3. Meditation. At its simplest form, meditation is just sitting/lying still and observing your reality as it is – including your thoughts and emotions. Some think that it involves some complex mambo-jumbo, but it doesn’t.
  4. Talking to someone. Talking about it with someone helps you work through the issue. It also gets you an alternate viewpoint and consider it from a different angle.

5. Acknowledge your thoughts

Don’t resist your thoughts, but acknowledge them. This includes both positive and negative thoughts.

By acknowledging, I mean recognizing these thoughts exist. So if say, you have a thought that says, “Wow, I’m so stupid!”, acknowledge that. If you have a thought that says, “I can’t believe this is happening to me again”, acknowledge that as well.

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Know that acknowledging the thoughts doesn’t mean you agree with them. It’s simply recognizing the existence of said thoughts so that you can stop resisting yourself and focus on the situation on hand.

6. Give yourself a break

If you’re very stressed out by the situation, and the problem is not time sensitive, then give yourself a break. Take a walk, listen to some music, watch a movie, or get some sleep. When you’re done, you should feel a lot more revitalized to deal with the situation.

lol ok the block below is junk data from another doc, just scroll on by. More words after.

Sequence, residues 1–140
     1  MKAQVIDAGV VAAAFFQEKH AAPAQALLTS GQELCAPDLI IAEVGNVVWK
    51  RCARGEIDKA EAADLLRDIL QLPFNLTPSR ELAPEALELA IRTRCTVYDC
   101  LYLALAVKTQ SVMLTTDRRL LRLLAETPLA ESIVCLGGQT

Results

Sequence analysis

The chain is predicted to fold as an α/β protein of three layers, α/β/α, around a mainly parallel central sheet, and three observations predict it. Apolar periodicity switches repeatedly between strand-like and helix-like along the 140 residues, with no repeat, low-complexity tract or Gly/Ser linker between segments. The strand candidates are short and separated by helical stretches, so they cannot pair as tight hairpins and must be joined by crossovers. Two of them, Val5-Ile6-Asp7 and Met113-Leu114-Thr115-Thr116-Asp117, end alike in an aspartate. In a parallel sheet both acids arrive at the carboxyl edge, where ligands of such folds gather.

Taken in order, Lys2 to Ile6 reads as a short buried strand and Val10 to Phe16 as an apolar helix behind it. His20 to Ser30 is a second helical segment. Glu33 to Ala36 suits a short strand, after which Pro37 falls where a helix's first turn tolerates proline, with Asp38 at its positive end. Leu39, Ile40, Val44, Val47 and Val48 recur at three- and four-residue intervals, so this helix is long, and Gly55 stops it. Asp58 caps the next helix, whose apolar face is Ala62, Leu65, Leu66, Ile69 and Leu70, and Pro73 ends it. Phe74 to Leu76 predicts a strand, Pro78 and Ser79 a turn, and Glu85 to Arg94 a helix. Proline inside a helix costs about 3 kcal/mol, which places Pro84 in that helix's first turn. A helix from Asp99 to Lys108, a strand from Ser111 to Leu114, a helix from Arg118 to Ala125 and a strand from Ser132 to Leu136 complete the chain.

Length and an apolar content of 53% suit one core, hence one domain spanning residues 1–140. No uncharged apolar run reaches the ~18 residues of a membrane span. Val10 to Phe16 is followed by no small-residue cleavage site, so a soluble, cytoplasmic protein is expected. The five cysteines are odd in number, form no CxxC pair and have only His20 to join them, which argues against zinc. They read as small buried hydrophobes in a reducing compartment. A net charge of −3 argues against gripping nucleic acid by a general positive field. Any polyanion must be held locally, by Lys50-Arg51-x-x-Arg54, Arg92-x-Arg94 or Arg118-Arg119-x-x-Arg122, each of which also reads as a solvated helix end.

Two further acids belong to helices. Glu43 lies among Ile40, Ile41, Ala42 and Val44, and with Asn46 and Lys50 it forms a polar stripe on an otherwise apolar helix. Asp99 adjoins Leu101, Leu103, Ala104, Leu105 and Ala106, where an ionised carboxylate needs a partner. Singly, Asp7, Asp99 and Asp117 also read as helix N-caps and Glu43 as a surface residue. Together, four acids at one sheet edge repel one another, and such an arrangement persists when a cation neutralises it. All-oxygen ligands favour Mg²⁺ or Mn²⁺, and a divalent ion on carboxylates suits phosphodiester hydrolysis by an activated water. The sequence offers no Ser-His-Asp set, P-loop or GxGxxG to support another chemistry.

7. Uncover what you’re really upset about

A lot of times, the anger we feel isn’t about the world. You may start off feeling angry at someone or something, but at the depth of it, it’s anger toward yourself.

Uncover the root of your anger. I have written a five part anger management series on how to permanently overcome anger.

After that, ask yourself: How can you improve the situation? Go to Step #9, where you define your actionable steps. Our anger comes from not having control on the situation. Sitting there and feeling infuriated is not going to change the situation. The more action we take, the more we will regain control over the situation, the better we will feel.

8. See this as an obstacle to be overcome

As Helen Keller once said,

“Character cannot be developed in ease and quiet. Only through experiences of trial and suffering can the soul be strengthened, vision cleared, ambition inspired and success achieved.”

Whatever you’re facing right now, see it as an obstacle to be overcome. In every worthy endeavor, there’ll always be countless obstacles that emerge along the way. These obstacles are what separate the people who make it, and those who don’t. If you’re able to push through and overcome them, you’ll emerge a stronger person than before. It’ll be harder for anything to get you down in the future.

9. Analyze the situation – Focus on actionable steps

In every setback, there are going to be things that can’t be reversed since they have already occurred. You want to focus on things that can still be changed (salvageable) vs. things that have already happened and can’t be changed. The only time the situation changes is when you take steps to improve it. Rather than cry over spilt milk, work through your situation: